It turns out that this is not really a compiler bug: instead, it is a bug in 32-bit x86 processors. The makers of GCC deliberately decided to not make a workaround for this bug, because that would dramatically hurt performance.

The source of the problem is that x86 processors only really supports 'extended precision' 80-bit floating point operations. When loaded from RAM into floating point registers, all other formats are converted into this format, and they are converted back when floating point registers are stored back into RAM.

Usually, this is not a problem, because the extra size in the registers creates extra precision, which is only a good thing for most applications. The problem appears when the compiler starts optimizing things.

Unpredictable behavior
One of the most basic optimization techniques applied by a compiler is that it places as many variables as possible in processor registers. Access to registers is many times faster than access to RAM, so this generally makes programs much faster. Sometimes, it is still necessary to store variables in RAM, e.g. when registers are needed for other variables, or when function calls are involved.

Usually, the programmer doesn't have to worry about this, because the compiler takes care of it, and it makes sure that the variables behave in just the same way in register memory as they would in RAM. Guess what: for floating point variables, this isn't exactly the case. You better start worrying now about compiler optimizations!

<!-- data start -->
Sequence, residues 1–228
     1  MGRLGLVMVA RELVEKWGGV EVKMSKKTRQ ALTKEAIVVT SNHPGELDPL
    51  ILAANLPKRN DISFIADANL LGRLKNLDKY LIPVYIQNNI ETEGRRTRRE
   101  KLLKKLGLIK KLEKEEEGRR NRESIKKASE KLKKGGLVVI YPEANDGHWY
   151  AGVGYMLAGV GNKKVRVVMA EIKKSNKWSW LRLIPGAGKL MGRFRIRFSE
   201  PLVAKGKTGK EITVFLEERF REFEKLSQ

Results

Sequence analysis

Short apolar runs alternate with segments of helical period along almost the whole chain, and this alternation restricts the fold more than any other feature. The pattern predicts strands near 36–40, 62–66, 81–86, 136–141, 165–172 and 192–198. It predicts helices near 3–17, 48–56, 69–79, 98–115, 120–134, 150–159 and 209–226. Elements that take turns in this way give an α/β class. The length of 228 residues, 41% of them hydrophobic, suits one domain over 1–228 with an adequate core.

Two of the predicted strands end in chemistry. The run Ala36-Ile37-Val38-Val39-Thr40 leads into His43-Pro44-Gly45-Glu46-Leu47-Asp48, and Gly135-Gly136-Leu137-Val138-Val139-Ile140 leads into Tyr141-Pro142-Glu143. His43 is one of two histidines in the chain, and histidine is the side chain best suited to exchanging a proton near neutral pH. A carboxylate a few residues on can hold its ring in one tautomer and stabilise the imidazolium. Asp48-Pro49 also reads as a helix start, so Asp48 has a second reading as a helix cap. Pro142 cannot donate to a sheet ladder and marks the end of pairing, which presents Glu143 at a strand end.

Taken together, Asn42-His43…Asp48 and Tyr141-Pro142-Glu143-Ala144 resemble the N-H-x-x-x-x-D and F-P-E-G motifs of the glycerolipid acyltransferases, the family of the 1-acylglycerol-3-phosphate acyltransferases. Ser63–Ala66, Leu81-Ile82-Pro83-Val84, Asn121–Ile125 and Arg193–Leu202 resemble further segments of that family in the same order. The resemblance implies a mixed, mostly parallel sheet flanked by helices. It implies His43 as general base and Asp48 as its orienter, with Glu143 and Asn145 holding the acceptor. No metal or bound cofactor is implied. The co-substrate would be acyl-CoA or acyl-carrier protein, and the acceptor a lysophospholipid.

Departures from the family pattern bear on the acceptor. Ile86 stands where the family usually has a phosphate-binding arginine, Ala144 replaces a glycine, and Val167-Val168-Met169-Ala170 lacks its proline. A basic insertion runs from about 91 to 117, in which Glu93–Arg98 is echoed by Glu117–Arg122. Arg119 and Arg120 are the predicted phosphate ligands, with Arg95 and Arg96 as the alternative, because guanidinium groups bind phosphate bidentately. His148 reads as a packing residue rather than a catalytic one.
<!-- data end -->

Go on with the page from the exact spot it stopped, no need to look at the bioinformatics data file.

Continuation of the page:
As I wrote before, floating point registers have a higher precision than floating point values stored in RAM. This also means that they have a different precision, and hence they behave differently.

So, how does this explain the weird behavior of my code in KOST?
What probably happened was that, after the value of e was evaluated, e was still present in a register. It had a value that was extremely close to, but different from 1.0. As a result, the 'e == 1.0' test, which was completely evaluated using register values, evaluated to false, and the code between the {} brackets was not executed. At a later point (for instance, the 'printf("Test2:%d\n", e==1.0);' line), the compiler decided that e should be stored in RAM. In the process of storing to RAM, e lost some precision, and as a result it became exactly equal to 1.0.

So, one moment, e==1.0 is false, and the next moment it is true. You can't predict when this will happen, because you can't control how the compiler optimizes your code.

The solution
The real solution would be to have a better floating point unit in your processor. Luckily, this is already the case for many processors: the SSE extension contains floating point instructions that solve exactly this issue. You can tell your compiler to use SSE instructions instead of the old x87 instructions, but unfortunately, this makes your executables non-portable to old computers (pre-Pentium III), so most compilers have this option disabled by default. The good thing is that SSE is available on all 64-bit x86 processors, and naturally, many compilers have SSE enabled by default for 64-bit executables.

A more portable solution is to tell your compiler to store all floating point variables in RAM. For GCC, this is the "-ffloat-store" option. Unfortunately, this does have a serious impact on the efficiency of your program.